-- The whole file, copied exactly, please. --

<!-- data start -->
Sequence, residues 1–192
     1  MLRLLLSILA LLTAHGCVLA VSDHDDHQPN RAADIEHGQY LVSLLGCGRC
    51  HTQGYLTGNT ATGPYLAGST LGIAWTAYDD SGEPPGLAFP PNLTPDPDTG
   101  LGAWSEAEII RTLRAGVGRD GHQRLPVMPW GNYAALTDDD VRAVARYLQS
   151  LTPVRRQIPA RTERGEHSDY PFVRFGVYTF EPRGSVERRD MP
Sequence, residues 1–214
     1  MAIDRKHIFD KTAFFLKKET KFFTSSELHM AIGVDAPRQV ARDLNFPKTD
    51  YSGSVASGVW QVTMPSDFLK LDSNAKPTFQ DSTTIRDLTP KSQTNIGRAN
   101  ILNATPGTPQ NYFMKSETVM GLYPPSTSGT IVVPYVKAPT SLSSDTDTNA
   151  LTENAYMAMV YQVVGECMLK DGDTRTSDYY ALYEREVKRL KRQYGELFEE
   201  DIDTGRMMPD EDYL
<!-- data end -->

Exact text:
Sequence, residues 1–192
     1  MLRLLLSILA LLTAHGCVLA VSDHDDHQPN RAADIEHGQY LVSLLGCGRC
    51  HTQGYLTGNT ATGPYLAGST LGIAWTAYDD SGEPPGLAFP PNLTPDPDTG
   101  LGAWSEAEII RTLRAGVGRD GHQRLPVMPW GNYAALTDDD VRAVARYLQS
   151  LTPVRRQIPA RTERGEHSDY PFVRFGVYTF EPRGSVERRD MP
Sequence, residues 1–214
     1  MAIDRKHIFD KTAFFLKKET KFFTSSELHM AIGVDAPRQV ARDLNFPKTD
    51  YSGSVASGVW QVTMPSDFLK LDSNAKPTFQ DSTTIRDLTP KSQTNIGRAN
   101  ILNATPGTPQ NYFMKSETVM GLYPPSTSGT IVVPYVKAPT SLSSDTDTNA
   151  LTENAYMAMV YQVVGECMLK DGDTRTSDYY ALYEREVKRL KRQYGELFEE
   201  DIDTGRMMPD EDYL